In this test, doctors use an x-ray with dye to check for
problems of the uterus and fallopian tubes. The special dye is injected through the vagina so that it can be seen on
screen as it flows into the uterus and through the fallopian
tubes. With these x-rays, doctors can usually find blockages that may be causing infertility. Blockages can prevent the egg from moving from the fallopian tube to the uterus or it can keep the sperm from reaching the egg. This test allows the radiologist to evaluate the shape and structure of the uterus,
the openness of the fallopian tubes, and any scarring within the peritoneal cavity. This procedure can be used to investigate repeated miscarriages that result from
congential abnormalities of the uterus and to determine the presence and severity of these abnormalities, including: o tumor masses or adhesions o uterine fibroids Hysterosalpingography is also used to monitor the effects of tubal surgery,
including: o tubal ligation
o the closure of the fallopian tubes in a sterilization procedure and a
sterilization reversal o the re-opening of the fallopian tubes following a sterilization or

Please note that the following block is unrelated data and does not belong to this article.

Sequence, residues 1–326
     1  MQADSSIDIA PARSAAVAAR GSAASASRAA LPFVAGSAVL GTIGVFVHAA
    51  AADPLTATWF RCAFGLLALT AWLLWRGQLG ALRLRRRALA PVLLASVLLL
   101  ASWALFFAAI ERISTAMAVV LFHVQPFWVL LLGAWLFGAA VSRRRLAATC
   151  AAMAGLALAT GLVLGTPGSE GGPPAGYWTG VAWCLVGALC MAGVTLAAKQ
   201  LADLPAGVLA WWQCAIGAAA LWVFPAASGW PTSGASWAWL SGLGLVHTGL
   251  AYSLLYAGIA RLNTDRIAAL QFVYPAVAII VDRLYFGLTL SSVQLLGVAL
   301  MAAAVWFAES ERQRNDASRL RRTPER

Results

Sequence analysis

disease-related obstruction

The Procedure

The test is done right after a menstrual period has ended to be sure that
is not done while you are pregnant. Before injecting dye into your uterus and fallopian tubes, your provider
takes an x-ray of your abdomen. Then you lie on an exam table and put your feet in stirrups, just as you would for
a pelvic exam. The provider opens up the vagina using a tool called a speculum and cleans the cervix (the opening of the uterus). He or she puts a slender tube into your vagina and then into the cervix and injects dye into the uterus and fallopian tubes while x-rays are taken. You may have crampy pain during the procedure. The amount of pain varies
from woman to woman. Talk to your physician about pain medication.
Hysterosalpingography only sees the inside of the uterus and fallopian tubes.
Abnormalities of the ovaries, wall of the uterus,
and other pelvic structures may still be needed to evaluate with a MRI or ultrasound.

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